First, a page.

I will talk about the common practices that lead to food poisoning and  prevention in another article. For those of you who are interested to learn more, you can look at CDC’s guide to confirm the diagnosis of foodborne diseases and figure out how clinical symptoms and tests can be linked to the pathogen or toxin.   This page will give you information about chemicals that cause illness.It’s worthwhile to note that confirmatory tests for most pathogens can be done in several laboratories across India with the existing facilities. However, the disconnect between organizations in charge of public health, epidemiology, food inspection and testing makes it difficult for us to complete any investigation credibly. If you are working in the public health sector, World Health Organization’s guidelines for investigating foodborne illness could be handy.

Be food safe…..

 

 

 

 

This post was written by:

- who has written 1 posts on Nirmukta.

I love food. I go to sleep thinking what I am going to eat when I get up in the morning. So, that got me into cooking. I studied food science and my work on food safety helps me to buy the food I love to eat. When I meet people, I ask them "when is the last time you had food poisoning? " and that's what you are going to tell me. Lets do some investigation on what led to your illness.

6 Comments

  • Very nice article. India lack proper disease surveillance system and we are failing to learn from our mistakes. Blaming a poor lizard is very easy but that doesn’t offer any solutions to our problems.

  • Captain Mandrake

    Great article. Looking forward to your next article.

  • My deptt organises hot cooked meals for children of 3-6 age group in all villages and slums of Maharashtra. These are cooked locally and provided through (96000) Anganwadis. Could I have some simple checks which can be advised to the local worker to prevent contamination?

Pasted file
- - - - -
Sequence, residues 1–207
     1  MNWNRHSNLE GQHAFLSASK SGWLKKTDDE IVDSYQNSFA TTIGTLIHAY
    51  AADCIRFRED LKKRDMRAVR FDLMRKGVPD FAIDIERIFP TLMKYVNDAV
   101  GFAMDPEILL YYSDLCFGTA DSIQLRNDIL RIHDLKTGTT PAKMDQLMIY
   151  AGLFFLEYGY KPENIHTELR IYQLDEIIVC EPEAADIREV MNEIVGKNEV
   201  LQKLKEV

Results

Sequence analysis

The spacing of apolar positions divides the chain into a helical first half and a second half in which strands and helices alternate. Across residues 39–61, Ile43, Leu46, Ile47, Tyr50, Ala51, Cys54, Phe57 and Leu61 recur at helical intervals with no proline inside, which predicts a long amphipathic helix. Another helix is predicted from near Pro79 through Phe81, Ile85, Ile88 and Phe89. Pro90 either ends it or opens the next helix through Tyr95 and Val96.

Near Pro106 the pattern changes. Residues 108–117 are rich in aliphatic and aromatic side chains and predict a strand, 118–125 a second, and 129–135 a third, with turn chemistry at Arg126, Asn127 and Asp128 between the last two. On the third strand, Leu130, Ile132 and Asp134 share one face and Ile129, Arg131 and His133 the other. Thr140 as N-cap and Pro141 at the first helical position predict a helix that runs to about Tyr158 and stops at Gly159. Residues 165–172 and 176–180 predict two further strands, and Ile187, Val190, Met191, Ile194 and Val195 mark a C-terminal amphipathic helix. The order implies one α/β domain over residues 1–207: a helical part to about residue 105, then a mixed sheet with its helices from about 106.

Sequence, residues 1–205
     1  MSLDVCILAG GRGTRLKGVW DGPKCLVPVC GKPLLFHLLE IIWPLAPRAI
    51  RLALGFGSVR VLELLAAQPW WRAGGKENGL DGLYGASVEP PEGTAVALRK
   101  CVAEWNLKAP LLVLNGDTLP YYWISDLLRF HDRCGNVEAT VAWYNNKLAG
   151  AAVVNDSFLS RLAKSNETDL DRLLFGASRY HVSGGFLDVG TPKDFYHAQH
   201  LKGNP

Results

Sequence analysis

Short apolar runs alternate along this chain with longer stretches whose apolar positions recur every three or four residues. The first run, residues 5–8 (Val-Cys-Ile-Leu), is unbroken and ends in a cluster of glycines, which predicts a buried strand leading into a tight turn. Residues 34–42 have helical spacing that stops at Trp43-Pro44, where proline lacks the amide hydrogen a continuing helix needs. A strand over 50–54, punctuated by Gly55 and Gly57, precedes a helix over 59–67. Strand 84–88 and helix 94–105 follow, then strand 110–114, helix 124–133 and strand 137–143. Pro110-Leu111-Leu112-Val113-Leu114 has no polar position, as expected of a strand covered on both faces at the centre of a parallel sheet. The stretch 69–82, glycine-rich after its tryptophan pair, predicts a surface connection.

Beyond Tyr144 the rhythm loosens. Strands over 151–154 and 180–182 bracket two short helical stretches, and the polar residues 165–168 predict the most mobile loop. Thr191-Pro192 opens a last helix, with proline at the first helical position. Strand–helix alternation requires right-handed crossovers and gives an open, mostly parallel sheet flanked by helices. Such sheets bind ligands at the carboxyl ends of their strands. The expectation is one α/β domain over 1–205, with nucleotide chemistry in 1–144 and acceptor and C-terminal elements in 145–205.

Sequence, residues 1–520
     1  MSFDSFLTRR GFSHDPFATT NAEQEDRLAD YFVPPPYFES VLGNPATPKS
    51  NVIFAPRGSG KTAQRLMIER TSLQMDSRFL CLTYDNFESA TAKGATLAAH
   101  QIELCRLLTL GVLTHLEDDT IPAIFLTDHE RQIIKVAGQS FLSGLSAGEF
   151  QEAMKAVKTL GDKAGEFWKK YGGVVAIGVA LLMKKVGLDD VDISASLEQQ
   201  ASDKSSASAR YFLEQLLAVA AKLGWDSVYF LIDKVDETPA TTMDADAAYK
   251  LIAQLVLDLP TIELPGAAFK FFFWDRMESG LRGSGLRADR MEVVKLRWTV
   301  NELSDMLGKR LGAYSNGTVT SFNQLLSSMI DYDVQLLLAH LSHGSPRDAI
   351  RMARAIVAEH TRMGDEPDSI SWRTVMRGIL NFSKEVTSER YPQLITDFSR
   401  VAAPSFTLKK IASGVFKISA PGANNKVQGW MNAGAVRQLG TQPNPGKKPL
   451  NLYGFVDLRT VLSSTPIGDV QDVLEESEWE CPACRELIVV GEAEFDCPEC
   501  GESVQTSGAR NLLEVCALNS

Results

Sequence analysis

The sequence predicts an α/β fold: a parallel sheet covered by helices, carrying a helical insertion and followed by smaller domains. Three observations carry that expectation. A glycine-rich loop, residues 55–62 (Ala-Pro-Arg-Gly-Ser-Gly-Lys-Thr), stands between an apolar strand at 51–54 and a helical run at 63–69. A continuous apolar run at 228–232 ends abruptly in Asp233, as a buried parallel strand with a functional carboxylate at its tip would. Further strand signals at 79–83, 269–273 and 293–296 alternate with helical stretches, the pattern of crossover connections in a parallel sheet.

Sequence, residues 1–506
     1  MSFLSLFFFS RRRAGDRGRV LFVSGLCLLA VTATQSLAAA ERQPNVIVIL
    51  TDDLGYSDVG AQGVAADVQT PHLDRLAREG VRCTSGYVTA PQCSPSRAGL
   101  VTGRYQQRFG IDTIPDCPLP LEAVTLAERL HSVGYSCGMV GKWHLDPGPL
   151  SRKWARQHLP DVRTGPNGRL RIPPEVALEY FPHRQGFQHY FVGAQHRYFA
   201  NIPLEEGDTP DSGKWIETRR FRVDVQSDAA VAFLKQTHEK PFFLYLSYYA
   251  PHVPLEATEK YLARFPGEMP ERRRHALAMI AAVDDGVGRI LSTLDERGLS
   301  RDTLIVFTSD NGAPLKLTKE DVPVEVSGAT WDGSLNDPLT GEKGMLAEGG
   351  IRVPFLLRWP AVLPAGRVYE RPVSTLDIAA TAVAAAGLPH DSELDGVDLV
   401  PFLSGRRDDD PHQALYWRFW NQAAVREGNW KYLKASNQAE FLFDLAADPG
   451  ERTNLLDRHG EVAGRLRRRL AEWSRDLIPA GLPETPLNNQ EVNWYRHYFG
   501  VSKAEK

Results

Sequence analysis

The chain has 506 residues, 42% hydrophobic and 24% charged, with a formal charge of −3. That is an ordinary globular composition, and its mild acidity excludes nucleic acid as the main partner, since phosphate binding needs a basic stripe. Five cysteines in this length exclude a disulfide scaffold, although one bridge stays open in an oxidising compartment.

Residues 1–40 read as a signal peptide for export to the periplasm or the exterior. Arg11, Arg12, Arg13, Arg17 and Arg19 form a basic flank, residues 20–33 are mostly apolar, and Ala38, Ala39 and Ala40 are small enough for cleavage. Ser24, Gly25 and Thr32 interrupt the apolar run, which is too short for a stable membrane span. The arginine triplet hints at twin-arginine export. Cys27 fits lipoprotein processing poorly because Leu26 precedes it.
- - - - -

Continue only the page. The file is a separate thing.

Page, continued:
• FoodSomethingGuy

    Ujjwal, glad you are thinking about food safety.
    What you need are not just checks, but also a small set of guidelines and requirements that you should share with your suppliers, cooking and management staff. This guide should be designed to inform those involved about the right practices that can prevent foodborne illnesses.
    I can give you a quick outline.

    1. Food safety starts at the source. You should clearly know where your raw materials are coming from and keep their contact details. Try to go to the farm level as possible (procure locally?). If its a long chain, know at least the contact details of the supplier ‘one step down.’You should also make it a point to check their facilitiy once in a while to see how food is stored and handled.

    A visual inspection at the time of delivery has its limitations, but it combination with regular checks, it helps.

    2. Once the raw materials enter your facility, store them properly.